We also have a lease clause acknowledging keys are held by the landlord and agent.  This confirms to the tenant there are retained keys available for access. This clause includes the right of access on prior notice and the tenants write to refuse access on a written instruction. The clause also highlights access can be enforced by the Housing Tribunal.

Providing this information in the lease overcomes any objection should the tenant dispute access in future to the Tribunal.

Another clause we have added tackles the issue of replacement keys and locks.  This came about following a heated discussion with an adjudicator at a tenancy deposit scheme training session.  The dispute was what liability a tenant had when not returning key at the end of a tenancy.  The Adjudicator insisted a landlord could only claim back the cost of replacement keys as there were what the tenant had been issued with.  We felt this unfair to the landlord and subsequent tenants if the property locks were not replaced.

The solution was to create a legal obligation on the tenant to replace the locks and associated keys when keys are lost or stolen.  The clause we use is:


The Tenant cannot replace locks in the property without the express written permission of the landlord.  Where permission is granted the tenant will supply an original key, plus one copy key to the landlord or letting agent. 

In the event the Tenant loses keys for the Let Property or fails to return the keys issued to the tenant at the end of the Agreement, the Tenant will be required to meet the reasonable costs changing locks and four keys per lock. For the avoidance of doubt, there is no right of return to a tenant where a tenancy has lawfully concluded, and keys have been returned.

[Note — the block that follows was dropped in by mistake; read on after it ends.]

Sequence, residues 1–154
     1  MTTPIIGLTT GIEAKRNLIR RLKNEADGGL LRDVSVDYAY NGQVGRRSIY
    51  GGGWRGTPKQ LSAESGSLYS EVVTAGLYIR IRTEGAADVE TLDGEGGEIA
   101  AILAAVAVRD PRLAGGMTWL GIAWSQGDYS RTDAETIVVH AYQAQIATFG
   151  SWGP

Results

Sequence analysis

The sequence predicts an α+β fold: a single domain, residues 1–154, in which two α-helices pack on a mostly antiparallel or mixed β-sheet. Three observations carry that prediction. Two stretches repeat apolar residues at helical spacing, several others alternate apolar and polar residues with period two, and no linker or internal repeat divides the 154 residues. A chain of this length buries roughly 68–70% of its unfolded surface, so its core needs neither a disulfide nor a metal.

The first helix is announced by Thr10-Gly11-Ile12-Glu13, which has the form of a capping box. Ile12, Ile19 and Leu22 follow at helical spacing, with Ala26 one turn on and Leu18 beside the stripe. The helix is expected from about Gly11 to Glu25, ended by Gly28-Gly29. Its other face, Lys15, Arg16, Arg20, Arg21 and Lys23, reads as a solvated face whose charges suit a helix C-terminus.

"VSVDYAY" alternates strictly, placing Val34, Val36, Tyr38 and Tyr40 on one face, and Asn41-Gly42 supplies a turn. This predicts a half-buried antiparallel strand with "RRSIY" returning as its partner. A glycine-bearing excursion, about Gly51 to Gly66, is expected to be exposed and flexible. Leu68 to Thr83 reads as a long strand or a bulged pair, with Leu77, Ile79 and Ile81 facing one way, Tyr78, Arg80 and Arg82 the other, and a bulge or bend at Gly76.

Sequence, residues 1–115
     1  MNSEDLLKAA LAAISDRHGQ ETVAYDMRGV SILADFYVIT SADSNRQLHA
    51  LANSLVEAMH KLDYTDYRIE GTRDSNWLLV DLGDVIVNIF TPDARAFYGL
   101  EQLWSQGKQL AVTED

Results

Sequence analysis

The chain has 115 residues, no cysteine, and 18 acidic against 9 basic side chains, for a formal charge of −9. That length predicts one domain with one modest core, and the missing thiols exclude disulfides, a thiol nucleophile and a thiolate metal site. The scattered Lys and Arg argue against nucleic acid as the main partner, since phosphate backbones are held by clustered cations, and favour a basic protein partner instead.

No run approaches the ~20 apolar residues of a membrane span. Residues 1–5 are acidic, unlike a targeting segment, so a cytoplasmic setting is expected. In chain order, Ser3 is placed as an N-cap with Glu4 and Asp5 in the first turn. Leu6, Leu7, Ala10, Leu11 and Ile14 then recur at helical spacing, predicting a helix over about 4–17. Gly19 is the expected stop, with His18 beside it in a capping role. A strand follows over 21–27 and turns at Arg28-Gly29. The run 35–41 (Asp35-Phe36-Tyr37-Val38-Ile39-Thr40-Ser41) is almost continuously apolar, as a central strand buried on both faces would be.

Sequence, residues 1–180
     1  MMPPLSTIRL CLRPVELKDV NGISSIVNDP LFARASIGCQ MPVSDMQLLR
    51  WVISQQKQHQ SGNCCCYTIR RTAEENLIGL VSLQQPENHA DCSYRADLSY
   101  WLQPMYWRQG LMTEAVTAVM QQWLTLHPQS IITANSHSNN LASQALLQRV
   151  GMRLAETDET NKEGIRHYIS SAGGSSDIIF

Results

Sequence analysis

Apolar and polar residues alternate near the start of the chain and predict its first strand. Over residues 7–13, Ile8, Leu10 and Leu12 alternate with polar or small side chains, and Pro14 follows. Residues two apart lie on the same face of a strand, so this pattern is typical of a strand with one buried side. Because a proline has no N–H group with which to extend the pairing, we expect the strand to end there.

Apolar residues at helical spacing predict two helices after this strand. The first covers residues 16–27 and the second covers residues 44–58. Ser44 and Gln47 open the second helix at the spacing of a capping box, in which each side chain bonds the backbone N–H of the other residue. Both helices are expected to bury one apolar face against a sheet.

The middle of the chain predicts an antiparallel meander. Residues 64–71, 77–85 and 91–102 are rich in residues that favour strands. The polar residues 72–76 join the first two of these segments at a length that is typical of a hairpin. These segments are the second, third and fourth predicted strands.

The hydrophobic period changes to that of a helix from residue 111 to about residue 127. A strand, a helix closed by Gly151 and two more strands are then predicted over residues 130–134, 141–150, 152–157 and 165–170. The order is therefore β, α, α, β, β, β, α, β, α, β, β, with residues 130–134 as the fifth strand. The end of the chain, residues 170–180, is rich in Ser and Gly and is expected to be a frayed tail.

This addition covers the situation where a tenant replaces locks during a tenancy, and when a tenant fails to return keys at the tenancy end.  The key receipt discussed earlier confirms the keys returned are same.  We also added in the line regarding no right of return.  Tenants can insist on returning to a property to sort out deposit claim issues themselves.  This line defines that right does not exist.

This keys clause has been successful in deposit claims on the couple of occasions we have had to cite it. 

Our additional termination clause emphasises the role keys play in ending a tenancy.  The first covers situations where tenants leave and then return keys after an exit date.  The second part covers returning keys and the requirement to return to our office to be signed off or posted using the Royal Mail Special Delivery service.  This service has insurance to claim against should keys get lost in transit, it is also the only postage option where a signature is absolutely required.  I have added the wording we use below:


The Tenant accepts the retention of keys is construed as a continuation of the tenancy and will render the Tenant liable for payment of additional rent and any other costs incurred by the Landlord and/or Agent…

…The Tenant further agrees that all keys shall be returned by hand or Royal Mail Special Delivery to the office of Key-Lets on the date of the termination of the tenancy. Furthermore, the Tenant acknowledges the return of keys before an exit date does not conclude a tenancy.  Earlier termination requires the express agreement of the Landlord to waive or reduce a notice period, as stated in Clause 24 of this lease.

Hopefully this article shows the importance of managing how keys are recorded and the responsibilities attached to them in a tenancy. 

A proper key receipt is so important in attributing responsibility to the tenant as is having a lease created to protect the landlord’s interests. 

In my blog ‘How Do I Get a Free PRT Lease?’ I attempt to highlight the weakness of the Scottish Government’s Model PRT lease with additional clauses such as those in this article.  

If you want more information on Key-Lets services or any other aspect of letting please give me a call on 01292 289289 or reach out to [email protected].  I and the team will be happy to help.

PLEASE NOTE: The advice given above should not be construed as a definitive answer and is without prejudice or liability. You are advised to consult a specialist solicitor or other person of equal legal or professional standing. Key-Lets registration is LARN1903012.





Call Tim on 01292 289289 or Email: [email protected]

We have a number of helpful videos on our YouTube channel.

You can message me through Linked In.